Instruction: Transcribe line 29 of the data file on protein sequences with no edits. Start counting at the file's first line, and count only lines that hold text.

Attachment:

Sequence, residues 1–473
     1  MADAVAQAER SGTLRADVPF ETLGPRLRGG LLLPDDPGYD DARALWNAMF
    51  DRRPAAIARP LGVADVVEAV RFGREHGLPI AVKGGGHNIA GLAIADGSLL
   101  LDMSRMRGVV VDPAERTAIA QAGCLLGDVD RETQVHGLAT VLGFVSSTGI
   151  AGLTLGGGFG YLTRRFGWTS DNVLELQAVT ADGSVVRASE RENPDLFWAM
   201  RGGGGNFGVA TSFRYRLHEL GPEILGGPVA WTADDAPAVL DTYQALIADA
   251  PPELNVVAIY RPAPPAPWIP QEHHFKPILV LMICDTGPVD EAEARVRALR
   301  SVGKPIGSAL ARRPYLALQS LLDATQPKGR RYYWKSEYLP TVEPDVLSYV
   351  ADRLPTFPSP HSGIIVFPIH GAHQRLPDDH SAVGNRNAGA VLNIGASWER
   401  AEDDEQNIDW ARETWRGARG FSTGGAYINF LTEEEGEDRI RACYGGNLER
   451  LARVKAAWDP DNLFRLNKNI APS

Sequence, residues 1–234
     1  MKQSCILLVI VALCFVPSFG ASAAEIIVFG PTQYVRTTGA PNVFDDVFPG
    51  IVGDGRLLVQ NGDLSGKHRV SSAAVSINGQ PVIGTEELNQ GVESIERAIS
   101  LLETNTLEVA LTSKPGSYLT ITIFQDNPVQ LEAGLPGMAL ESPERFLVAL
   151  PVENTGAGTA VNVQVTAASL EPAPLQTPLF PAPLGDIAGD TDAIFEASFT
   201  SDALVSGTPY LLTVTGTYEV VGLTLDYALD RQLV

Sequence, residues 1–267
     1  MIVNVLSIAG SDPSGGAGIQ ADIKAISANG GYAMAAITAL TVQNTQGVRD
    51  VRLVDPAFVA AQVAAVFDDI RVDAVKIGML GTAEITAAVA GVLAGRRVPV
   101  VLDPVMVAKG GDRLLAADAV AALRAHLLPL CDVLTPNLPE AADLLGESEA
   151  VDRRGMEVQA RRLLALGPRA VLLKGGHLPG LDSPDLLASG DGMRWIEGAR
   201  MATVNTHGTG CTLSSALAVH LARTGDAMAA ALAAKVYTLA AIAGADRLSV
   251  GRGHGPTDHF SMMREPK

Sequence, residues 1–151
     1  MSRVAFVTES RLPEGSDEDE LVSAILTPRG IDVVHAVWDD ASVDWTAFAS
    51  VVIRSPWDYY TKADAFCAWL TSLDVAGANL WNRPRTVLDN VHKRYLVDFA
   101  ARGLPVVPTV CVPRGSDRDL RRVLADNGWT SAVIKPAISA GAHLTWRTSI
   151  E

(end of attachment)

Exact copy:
   151  E